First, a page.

Jesus was a refugee. Born on the run due to intense persecution, he entered the world with no place to call home. He was executed as a leistaí (λησται). This Greek word implies that he was accused of being a bandit, a rebel, and an insurrectionist. Jesus was none of these things, but make no mistake, to the Romans Jesus was a religious fanatic who would no doubt try to overturn their social order if allowed to gain too many followers. Get this in your mind: Jesus was a refugee.
The Apostle Paul was a terrorist. He promoted Roman ideology and intentionally persecuted the church, killing Christians in order to prevent an uprising. After he encountered Jesus on the Damascus Road everything changed. The message of Christ’s love was branded in his mind through the response of the very ones he was persecuting. After his encounter with Jesus instead of the persecutor, he quickly became the persecuted. Get this in your mind: God can save terrorists.
There’s a lot going on in our world today that parallels early biblical times. Refugees are fleeing their homeland because of extreme persecution. Terrorism has become a part of modern life in an attempt to promote social, political, and religious change. Terrorists are killing people because of misled and evil ideologies. Don’t misunderstand; I think we should relentlessly fight terrorism. We must stand against the injustice that’s plaguing our world and fight to protect the innocent.
With all that is happening in our world it’s easy to respond with fear. In doing so we forsake the good news of Jesus Christ. He teaches us a different way. Love is always Jesus’ response, not fear. I wonder about the innocent refugees. Should we let them die as we cower in fear? Should we refuse to care for the hurting because it would be uncomfortable for us? Should we ignore them so we can sleep better at night? If so, the terrorists have won. In the tradition of the Apostle Paul, we must risk all for the sake of the gospel. And then there are the words of Jesus:
“I tell you, love your enemies and pray for those who persecute you.” ~Matthew 5:44
Christians are not called to live in fear. Instead, we are called to love the Muslim (our “enemy”), and I hope Christians will step up with love and not hate for Muslims regardless of their view on immigration. We can lead Muslims to Jesus. ISIS is evil, but there might just be another “Paul” among them who will become an ambassador for Christ. We have an opportunity to be the church among the refugee crisis as people flee a land of violent persecution and enter a place where we are free to share the gospel of Jesus Christ.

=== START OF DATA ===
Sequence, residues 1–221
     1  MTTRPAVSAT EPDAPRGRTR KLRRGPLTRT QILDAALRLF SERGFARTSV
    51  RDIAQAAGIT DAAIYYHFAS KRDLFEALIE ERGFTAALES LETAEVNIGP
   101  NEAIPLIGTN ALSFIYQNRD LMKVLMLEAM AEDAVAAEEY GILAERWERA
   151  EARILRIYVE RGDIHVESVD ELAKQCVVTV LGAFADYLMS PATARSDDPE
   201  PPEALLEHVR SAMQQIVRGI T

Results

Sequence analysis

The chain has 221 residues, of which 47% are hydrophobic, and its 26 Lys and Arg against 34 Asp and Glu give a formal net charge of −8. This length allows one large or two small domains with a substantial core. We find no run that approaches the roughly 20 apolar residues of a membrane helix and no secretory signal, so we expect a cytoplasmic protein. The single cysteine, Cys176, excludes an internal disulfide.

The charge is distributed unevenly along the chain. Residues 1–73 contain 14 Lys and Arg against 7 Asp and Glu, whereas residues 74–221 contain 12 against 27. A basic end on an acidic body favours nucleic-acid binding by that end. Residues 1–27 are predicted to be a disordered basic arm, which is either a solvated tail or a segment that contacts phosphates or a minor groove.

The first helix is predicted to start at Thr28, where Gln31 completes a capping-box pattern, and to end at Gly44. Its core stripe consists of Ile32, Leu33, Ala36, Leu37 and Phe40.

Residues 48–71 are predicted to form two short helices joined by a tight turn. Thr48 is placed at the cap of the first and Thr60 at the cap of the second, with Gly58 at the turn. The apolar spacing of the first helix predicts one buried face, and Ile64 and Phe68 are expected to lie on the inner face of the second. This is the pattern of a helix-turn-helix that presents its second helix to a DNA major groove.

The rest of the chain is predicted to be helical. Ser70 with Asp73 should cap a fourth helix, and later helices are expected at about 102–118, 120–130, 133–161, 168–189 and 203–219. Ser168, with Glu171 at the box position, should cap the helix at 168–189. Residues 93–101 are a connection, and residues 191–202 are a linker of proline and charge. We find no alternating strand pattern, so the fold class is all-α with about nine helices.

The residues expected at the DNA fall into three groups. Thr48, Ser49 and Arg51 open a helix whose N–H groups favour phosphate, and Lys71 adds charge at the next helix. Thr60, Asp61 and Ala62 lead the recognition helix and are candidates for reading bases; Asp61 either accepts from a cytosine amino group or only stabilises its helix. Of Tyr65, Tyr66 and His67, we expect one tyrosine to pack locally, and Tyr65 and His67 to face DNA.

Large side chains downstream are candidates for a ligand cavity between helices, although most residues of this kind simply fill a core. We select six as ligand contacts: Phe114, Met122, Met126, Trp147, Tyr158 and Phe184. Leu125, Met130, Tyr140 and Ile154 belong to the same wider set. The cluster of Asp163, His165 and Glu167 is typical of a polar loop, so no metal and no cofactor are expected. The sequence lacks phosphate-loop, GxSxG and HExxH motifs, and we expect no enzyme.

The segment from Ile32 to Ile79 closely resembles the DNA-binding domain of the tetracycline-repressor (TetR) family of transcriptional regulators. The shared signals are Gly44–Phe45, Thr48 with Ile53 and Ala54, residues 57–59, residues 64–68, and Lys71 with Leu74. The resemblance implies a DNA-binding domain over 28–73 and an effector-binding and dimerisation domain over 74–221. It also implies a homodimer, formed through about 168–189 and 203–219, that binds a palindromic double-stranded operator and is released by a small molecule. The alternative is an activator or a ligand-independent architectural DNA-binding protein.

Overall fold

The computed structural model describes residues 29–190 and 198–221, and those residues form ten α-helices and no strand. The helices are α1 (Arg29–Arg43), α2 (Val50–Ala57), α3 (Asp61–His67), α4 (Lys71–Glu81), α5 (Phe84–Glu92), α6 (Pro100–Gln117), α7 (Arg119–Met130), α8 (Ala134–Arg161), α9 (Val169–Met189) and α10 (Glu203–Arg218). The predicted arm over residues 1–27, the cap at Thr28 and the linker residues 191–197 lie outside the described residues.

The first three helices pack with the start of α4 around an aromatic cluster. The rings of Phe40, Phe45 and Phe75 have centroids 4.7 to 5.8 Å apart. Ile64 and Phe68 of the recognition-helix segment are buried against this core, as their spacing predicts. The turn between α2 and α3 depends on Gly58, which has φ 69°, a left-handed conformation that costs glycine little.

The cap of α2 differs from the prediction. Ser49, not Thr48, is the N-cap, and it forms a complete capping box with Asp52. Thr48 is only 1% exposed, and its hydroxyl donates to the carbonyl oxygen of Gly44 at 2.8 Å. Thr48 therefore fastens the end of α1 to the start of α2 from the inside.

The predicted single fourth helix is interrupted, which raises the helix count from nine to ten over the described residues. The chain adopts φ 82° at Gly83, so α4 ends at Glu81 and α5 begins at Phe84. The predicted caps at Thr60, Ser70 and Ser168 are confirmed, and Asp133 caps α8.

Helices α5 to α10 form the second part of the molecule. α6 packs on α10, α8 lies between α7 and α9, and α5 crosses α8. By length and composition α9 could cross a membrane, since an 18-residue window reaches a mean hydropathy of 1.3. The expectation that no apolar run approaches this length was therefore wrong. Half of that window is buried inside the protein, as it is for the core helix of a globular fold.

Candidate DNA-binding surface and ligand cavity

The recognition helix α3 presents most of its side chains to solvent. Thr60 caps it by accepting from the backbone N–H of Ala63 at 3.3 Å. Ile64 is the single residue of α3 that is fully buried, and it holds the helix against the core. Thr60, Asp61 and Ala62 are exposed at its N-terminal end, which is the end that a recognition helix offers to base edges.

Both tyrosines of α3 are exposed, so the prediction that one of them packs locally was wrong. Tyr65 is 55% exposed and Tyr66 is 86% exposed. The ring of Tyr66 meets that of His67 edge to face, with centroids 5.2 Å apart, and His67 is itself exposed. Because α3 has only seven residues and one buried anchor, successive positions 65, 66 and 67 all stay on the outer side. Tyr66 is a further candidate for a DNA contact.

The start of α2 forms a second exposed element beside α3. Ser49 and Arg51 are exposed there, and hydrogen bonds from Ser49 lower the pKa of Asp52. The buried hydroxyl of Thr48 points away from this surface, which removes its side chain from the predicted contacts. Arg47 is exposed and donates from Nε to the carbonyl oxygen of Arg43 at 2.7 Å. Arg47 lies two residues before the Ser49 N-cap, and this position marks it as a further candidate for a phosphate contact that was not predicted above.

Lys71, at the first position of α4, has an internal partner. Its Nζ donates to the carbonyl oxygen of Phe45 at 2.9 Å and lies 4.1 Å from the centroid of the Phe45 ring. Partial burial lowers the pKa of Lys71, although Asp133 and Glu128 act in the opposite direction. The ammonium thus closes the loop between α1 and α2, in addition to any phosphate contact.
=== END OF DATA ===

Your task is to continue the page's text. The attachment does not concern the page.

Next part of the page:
I would dare say many people who call themselves “Christian” are more American than they are Christian. They are more interested in saving their life than they are losing it. They are more interested in safety than they are the gospel and more interested in comfort than they are the cross. Period.
Following Jesus isn’t safe. If you want safe you need to pick someone else to follow. Following Jesus is scary and dangerous. It takes you places that make you uncomfortable. Following Jesus isn’t simple. He asks us to balance loving our enemies and protecting the innocent. If you want simple you need to pick someone else to follow.
Following Jesus requires us to welcome the stranger as a friend and be wise about who we associate with. Following Jesus means rising above fear and responding with Christ-like love. God gives us the Spirit of power, love, and a sound mind. If you want safe and simple you need to find someone else to follow… because Jesus is not safe, but he is good!
“Give us your tired, your poor, your huddled masses.” ~Emma Lazarus, Poem on the Statue of Liberty
“Don’t forget to show hospitality to strangers, for some who have done this have entertained angels without realizing it!” ~Hebrews 13:2
Stop and thank God today because you get to go home tonight and sleep in your own bed, in a house, with your family, in a place you lovingly call home. And remember that on the other side of this globe are a whole lot of people who have no bed, no home, separated from their families, and driven away from their homeland. Just like Jesus, we call them refugees.
(Sources: Jared Henry, Jonathan McClure, Jeremiah McClure, Eric Frey, C.S. Lewis, Don Burrows)